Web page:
… Relative to where American politics stood before his rise, Trump’s campaign polarized America more by class and gender than it did by race. And then, by jettisoning much of the populist economic agenda he campaigned on, Trump’s actual presidency has made class less important and gender more essential to understanding how Americans divide.
This doesn’t mean that race isn’t enduringly important to these divisions; the fact that a minority of minority men seem more blasé about his bigotry than you might expect does not mean that Trump is actually building a pan-racial coalition. But if you’re looking at what Trump has directly changed, who seems distinctively offended and energized by his provocations, white-brown-black differences aren’t where the action is; instead, it’s with the large female backlash that may be poised to swamp the male backlash that helped make him president. CONT.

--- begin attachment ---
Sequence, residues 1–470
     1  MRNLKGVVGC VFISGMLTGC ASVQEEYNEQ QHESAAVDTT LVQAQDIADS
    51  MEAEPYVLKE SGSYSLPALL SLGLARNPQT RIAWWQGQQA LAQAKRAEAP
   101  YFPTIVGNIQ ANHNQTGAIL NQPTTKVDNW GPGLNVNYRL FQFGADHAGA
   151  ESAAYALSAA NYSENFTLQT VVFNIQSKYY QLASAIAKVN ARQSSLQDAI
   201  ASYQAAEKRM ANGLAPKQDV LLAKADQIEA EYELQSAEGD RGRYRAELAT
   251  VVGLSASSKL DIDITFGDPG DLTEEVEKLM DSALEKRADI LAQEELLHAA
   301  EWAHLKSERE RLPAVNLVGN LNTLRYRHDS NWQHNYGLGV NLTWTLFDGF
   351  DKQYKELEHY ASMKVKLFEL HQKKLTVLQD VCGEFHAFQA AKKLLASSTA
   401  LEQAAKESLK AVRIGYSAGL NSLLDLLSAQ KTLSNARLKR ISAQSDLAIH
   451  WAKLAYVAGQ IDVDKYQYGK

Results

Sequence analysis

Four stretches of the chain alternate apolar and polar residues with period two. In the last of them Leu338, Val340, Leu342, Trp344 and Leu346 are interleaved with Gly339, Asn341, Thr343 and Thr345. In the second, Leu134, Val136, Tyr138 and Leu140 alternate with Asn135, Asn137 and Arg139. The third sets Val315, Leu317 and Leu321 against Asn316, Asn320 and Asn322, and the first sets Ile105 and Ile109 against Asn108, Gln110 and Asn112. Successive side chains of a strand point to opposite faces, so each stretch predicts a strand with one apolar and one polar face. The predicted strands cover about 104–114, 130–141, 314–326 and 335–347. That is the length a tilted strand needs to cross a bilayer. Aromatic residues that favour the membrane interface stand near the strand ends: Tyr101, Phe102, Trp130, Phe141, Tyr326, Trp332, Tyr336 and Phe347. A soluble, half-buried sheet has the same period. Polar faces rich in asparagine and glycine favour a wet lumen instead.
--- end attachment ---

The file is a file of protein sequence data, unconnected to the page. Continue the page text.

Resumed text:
Ross Douthat, New York Times